Editor's Log: Half-Full

By Robert Carpenter, Editor | February 2011, Vol. 66 No. 2

Underground Construction’s 14th Annual Municipal Sewer and Water Infrastructure Survey appears this month. While compiling and writing the report each year is always extremely interesting and revealing, I found this year’s survey to provide a particularly telling insight into the municipal market.

One somewhat surprising mini-trend was that several survey respondents felt that, when money was a preeminent concern, retreating to conventional, open-cut construction was necessary. It wasn’t that people weren’t sold on trenchless benefits (many were well-educated users of trenchless construction/rehabilitation methods). Rather, trenchless methods were viewed as more expensive and a greater construction risk. Clearly more comparative data and education are needed. Open-cut certainly has its well-establish place within the market – and remains absolutely necessary and important to all underground piping work -- but construction methodology decisions should be based on project specifics, not a general perception and assumptions.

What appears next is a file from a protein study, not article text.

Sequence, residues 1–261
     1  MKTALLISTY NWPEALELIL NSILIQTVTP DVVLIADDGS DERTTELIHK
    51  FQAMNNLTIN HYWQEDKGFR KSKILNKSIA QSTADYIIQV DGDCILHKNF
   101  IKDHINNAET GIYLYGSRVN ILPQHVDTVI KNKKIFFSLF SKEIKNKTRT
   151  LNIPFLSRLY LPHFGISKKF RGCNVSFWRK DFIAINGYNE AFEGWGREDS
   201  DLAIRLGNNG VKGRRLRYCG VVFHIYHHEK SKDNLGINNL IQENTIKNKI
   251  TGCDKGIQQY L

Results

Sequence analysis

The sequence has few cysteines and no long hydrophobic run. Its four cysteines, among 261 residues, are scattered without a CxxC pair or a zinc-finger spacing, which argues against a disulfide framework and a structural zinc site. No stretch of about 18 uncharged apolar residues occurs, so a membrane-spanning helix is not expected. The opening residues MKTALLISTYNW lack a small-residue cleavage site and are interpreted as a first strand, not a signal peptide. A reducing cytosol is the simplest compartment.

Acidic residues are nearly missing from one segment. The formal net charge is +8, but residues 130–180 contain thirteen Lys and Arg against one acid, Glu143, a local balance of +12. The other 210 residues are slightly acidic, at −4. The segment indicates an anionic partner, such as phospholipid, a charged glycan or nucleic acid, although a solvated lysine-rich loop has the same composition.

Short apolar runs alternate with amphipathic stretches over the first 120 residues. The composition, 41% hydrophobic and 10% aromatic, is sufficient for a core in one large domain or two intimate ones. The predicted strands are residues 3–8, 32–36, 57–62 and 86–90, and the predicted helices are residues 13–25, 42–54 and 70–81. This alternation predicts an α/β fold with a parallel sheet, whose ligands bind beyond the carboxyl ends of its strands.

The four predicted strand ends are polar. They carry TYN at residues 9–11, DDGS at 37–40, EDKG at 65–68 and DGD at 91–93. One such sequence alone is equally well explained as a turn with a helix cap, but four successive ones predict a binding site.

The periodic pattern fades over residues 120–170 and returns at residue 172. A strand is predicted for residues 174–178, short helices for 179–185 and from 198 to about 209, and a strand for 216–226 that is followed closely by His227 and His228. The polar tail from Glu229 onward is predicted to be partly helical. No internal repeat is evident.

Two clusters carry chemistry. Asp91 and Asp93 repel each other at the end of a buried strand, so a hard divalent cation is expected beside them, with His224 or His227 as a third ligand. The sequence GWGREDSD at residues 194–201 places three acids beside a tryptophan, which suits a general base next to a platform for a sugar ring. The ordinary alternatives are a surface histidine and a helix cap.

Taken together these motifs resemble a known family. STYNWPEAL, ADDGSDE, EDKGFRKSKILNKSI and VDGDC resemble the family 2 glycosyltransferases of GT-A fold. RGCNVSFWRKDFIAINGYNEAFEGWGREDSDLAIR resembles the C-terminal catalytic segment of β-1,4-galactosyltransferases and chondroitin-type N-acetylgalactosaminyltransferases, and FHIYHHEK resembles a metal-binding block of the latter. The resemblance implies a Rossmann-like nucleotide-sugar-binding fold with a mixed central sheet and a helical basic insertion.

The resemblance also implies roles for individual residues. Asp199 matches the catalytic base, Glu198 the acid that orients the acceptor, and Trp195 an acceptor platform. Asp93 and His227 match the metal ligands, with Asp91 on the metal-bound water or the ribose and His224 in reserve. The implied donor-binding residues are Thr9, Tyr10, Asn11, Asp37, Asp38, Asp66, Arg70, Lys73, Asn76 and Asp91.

For many smaller communities, the good news was that these communities are very interested in utilizing trenchless applications. The bad news was that trenchless remains out-of-reach for many small markets largely due to remote locations requiring high costs affiliated with travel and staging logistics.

Several cities are being hit with the double whammy of EPA pressure or even consent decrees to bring their systems into environmental compliance. Bad economy or not, there is no relief in sight. EPA enforcement, via the U.S. Justice Department, has actually ramped up its activities. Virtually every city called before the EPA enforcement division capitulates and agrees to develop and enact a plan to bring their systems back into compliance.

Cities all over the country are out of compliance. Bad economic times exasperate the situation but odds are the circumstances that led to non-compliance were in place long before the EPA gets involved. Cities capitulate because they are clearly in the wrong – facts, figures, environmental samples, etc. almost always overwhelmingly build an iron-clad case in favor of the EPA.

That’s a challenge that faces our industry as we continue our market recovery – how can we convince municipal governments that placing a priority on their underground infrastructure is essential to the long-term economic – and physical – health of their communities? That new park that was built at the cost of repairing a leaking sewer main will pale in the light of EPA prosecution for unhealthy sewer/water systems.